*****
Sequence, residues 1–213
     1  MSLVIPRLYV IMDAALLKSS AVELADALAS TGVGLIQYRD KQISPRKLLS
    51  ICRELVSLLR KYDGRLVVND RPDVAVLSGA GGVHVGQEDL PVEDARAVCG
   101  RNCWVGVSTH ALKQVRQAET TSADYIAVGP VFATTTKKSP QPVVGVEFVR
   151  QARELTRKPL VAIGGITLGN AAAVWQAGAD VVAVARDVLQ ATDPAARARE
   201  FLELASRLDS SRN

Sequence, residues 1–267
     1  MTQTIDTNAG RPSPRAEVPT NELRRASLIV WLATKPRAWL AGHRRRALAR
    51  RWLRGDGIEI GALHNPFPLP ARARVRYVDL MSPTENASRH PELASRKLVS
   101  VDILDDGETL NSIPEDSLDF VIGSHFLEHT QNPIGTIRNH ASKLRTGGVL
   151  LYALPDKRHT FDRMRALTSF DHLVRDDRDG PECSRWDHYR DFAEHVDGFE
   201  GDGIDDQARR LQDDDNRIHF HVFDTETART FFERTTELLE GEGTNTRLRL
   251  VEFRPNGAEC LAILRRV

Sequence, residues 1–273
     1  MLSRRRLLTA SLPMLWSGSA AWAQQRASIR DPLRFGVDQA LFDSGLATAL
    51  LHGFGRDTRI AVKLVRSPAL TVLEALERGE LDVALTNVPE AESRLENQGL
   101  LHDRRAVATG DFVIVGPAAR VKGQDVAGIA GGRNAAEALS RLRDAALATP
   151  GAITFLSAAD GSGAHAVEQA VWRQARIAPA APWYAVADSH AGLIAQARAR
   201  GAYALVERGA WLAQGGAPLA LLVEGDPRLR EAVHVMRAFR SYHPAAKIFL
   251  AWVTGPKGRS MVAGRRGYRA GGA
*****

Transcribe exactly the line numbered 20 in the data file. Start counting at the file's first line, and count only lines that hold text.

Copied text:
   251  AWVTGPKGRS MVAGRRGYRA GGA